Category: Lancaster Pennsylvania

Pushing Up Daisies

Daisy
Daisy

“Death. To die. To expire. To pass on. To perish. To peg out. To push up daisies. To push up posies. To become extinct. Curtains, deceased, demised, departed and defunct. Dead as a doornail. Dead as a herring. Dead as a mutton. Dead as nits. God’s way of saying, slow down.” Patch Adams

The Problem with Euphorbia

Euphorbia
Euphorbia

Euphorbia myrsinites, also known as myrtle Euphorbia or donkeytail spurge, is one of the most useful and highly ornamental plants to grow in the garden.

Now for the bad news: the milky white sap has been known to cause extreme allergic reactions that in some cases can lead to anaphylactic shock, and visits to the emergency room are frequently reported.

Charles Bukowski wrote a book called The People Look Like Flowers At Last (see last post). This one looks like the pretty college girl next door who works as an escort on weekends. Approach both with caution and use protection.

The Flowers Look like People at Last

Kim Kardashian Flower?
Kim Kardashian Flower?

Charles Bukowski wrote a book called the people look like flowers at last, but today it seemed that the flowers look like people at last. Maybe it’s me, but if you look closely at these beautiful little flowers, the one of the right looks like Kim Kardashian wearing a white skirt.

The flower on the left may look like one of her sisters, but the last thing I need is a Kardashian tweeting that I’m body/flower shaming. I’m just trying to keep up with the flora.

But is it Art?

Grand Opening
Grand Opening

It might be art, but in this case it’s a photo of a sunflower that just opened up today. I used the crosshatch filter in Photoshop adjusting the stroke length, sharpness and strength.

There are dozens of filters to choose from, each with several different options and you can add other effects in literally thousands of different ways, maybe even hundreds of thousands.

People say that you can learn Photoshop in 50-100 hours, but it really takes years to get anywhere close to mastering it. It would probably be faster to learn to paint with oil on canvas, but it would definitely not be easier.

Horse Photography Tips and Techniques

Bicycles, buggies and horses
Bicycles, buggies and horses

When you think about photographing horses, you probably picture a naked woman riding an Arabian stallion on a sandy beach at sunset. It’s a good plan if you can manage to put it all together, but until then you may want to practice locally.

Living in Pennsylvania it’s easier to find horses than it is to find good lobster and they all love to pose. If you have trouble finding horses where you live consider going to a riding stable or school.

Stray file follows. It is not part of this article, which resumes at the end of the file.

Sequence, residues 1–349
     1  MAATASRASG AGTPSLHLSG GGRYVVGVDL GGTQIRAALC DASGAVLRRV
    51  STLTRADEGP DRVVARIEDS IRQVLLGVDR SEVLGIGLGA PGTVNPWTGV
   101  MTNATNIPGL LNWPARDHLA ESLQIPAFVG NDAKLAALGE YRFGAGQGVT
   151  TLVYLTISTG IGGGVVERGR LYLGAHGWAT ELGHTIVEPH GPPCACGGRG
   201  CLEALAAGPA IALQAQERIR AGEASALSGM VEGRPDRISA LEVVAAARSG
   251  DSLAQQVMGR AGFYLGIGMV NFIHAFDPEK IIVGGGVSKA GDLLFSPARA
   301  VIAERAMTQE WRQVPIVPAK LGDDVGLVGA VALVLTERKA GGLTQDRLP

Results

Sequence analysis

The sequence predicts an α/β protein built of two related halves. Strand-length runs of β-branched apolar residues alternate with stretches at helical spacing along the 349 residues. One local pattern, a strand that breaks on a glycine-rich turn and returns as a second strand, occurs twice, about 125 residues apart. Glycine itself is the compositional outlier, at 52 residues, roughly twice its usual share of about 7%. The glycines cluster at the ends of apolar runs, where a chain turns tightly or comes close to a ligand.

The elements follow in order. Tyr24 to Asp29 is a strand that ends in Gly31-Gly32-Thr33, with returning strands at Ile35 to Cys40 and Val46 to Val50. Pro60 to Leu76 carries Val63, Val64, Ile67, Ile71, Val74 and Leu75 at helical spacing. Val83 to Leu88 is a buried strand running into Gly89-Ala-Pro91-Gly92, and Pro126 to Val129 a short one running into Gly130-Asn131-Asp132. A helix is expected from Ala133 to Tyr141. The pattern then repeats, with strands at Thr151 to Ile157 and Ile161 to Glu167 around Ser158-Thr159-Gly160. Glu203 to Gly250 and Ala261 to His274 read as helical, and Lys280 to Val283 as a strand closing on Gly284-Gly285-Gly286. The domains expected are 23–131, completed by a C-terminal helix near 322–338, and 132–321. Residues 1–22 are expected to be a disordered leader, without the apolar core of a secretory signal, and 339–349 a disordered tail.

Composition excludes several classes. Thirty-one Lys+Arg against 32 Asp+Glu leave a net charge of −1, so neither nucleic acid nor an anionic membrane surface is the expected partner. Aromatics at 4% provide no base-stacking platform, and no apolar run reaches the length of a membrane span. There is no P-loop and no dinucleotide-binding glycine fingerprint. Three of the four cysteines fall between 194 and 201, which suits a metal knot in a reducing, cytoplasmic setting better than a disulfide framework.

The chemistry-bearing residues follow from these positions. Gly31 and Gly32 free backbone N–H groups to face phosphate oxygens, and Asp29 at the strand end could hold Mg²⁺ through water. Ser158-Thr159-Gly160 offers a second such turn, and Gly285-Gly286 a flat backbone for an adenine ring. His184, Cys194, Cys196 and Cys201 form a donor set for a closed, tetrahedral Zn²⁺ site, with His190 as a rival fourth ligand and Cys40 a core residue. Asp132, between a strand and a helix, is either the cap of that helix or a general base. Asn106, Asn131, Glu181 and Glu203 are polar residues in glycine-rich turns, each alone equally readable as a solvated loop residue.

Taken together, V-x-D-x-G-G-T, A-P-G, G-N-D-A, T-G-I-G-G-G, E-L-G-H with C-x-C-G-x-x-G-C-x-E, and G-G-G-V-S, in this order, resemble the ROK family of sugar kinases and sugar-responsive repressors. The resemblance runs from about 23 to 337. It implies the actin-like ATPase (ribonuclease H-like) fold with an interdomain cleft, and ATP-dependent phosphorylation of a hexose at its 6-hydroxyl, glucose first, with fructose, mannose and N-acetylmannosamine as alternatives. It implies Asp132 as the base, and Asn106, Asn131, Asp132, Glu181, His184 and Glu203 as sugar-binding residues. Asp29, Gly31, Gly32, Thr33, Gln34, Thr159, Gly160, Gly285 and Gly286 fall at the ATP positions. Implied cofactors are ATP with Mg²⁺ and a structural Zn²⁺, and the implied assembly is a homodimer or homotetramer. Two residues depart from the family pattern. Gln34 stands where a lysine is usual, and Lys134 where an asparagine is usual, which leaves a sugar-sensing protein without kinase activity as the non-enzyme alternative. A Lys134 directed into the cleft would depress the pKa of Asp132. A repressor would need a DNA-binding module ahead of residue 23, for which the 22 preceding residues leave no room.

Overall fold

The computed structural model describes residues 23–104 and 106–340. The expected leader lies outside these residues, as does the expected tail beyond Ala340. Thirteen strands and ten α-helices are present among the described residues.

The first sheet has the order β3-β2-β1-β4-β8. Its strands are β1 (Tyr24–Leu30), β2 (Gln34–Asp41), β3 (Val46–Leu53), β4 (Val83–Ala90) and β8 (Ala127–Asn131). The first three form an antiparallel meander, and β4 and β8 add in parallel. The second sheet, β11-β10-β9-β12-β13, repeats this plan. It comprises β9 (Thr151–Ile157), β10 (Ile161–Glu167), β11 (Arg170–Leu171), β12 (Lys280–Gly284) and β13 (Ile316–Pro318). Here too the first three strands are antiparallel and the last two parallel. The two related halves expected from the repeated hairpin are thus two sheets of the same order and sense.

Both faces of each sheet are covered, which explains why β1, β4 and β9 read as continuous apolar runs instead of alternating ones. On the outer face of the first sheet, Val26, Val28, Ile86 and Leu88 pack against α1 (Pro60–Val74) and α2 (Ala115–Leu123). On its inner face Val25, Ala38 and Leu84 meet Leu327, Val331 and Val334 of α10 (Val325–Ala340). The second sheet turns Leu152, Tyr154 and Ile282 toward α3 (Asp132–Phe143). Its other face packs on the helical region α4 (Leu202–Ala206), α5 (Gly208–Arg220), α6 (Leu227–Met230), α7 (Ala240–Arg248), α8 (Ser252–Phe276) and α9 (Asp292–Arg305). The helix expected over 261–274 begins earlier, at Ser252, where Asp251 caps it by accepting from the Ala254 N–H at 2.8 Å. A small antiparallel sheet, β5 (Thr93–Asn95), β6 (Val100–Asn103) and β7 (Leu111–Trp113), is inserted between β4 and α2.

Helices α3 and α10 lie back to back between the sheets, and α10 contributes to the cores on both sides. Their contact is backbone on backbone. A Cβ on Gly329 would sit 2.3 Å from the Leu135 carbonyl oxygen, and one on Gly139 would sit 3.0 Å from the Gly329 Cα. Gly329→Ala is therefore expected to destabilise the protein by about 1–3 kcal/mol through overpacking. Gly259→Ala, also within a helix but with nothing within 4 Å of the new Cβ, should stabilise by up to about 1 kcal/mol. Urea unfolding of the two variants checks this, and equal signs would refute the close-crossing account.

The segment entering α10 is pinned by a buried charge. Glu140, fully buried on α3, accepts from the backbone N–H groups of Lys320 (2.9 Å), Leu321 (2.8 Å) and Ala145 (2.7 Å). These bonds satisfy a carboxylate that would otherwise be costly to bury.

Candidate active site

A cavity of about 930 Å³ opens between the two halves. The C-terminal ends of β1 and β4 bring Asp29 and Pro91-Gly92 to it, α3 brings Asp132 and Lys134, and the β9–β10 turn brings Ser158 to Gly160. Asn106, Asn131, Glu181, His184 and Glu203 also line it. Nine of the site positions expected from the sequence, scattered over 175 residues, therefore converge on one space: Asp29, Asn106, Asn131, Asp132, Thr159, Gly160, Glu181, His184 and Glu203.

Tip 1: They usually have crud in their eyes. You don’t have to point this out to them but see if you can find one that has less. Another option is to get further away and avoid head shots.

Tip 2: As soon as it gets really hot they’re often covered with flies. While this may not seem like a big deal it really does take away from the beautiful animal that you’re trying to capture.

Tip 3: Horses are very friendly and will come up to you to see what you want. Despite the warnings, I always pet them and have never had my fingers bitten off. Your results may vary.

Tip 4: Consider converting to black and white. Unless you’re lucky enough to capture the perfect light, choose one of the many ways to do this then lie like a professional. Tell everyone how color is distracting, that black and white forces you to focus on the image, and that you were going for that aesthetic, artistic look.

Tip 5: This is the big one: you want to get a good composition, an interesting pose and ideally something in the background. Most horses have very little to do during the day so they just sort of stand there, which is good because you’ll have plenty of time to think about the shot.

Finally, don’t ask them why the long face, I’ve never met once that thinks that’s funny.

Is Power Napping Right For You?

Al takes a power nap
Al takes a power nap

There’s a whole science behind power napping and several books have been written about it outlining the basic principles and benefits. A power nap is a sleep session during the day that lasts for between ten and thirty minutes.

Stefanie Weisman wrote: “A lot of high-profile companies are recognizing the benefits of power napping, it’s like kindergarten all over again.” It may not be exactly like kindergarten because life will never be that good again, but after a quality nap you’ll probably play nicer with the other kids.